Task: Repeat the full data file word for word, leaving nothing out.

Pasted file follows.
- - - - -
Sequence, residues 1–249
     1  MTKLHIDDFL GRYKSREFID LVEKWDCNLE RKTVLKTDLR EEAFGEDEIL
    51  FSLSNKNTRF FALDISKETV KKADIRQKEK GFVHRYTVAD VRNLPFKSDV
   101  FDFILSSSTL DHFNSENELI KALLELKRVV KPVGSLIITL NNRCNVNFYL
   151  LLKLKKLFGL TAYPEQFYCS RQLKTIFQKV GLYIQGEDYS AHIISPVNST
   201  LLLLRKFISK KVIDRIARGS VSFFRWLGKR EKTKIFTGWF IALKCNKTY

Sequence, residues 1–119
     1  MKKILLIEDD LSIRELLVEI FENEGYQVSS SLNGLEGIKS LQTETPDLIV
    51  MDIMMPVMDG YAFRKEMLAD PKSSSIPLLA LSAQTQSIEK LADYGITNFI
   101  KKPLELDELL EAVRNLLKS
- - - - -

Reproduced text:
Sequence, residues 1–249
     1  MTKLHIDDFL GRYKSREFID LVEKWDCNLE RKTVLKTDLR EEAFGEDEIL
    51  FSLSNKNTRF FALDISKETV KKADIRQKEK GFVHRYTVAD VRNLPFKSDV
   101  FDFILSSSTL DHFNSENELI KALLELKRVV KPVGSLIITL NNRCNVNFYL
   151  LLKLKKLFGL TAYPEQFYCS RQLKTIFQKV GLYIQGEDYS AHIISPVNST
   201  LLLLRKFISK KVIDRIARGS VSFFRWLGKR EKTKIFTGWF IALKCNKTY

Sequence, residues 1–119
     1  MKKILLIEDD LSIRELLVEI FENEGYQVSS SLNGLEGIKS LQTETPDLIV
    51  MDIMMPVMDG YAFRKEMLAD PKSSSIPLLA LSAQTQSIEK LADYGITNFI
   101  KKPLELDELL EAVRNLLKS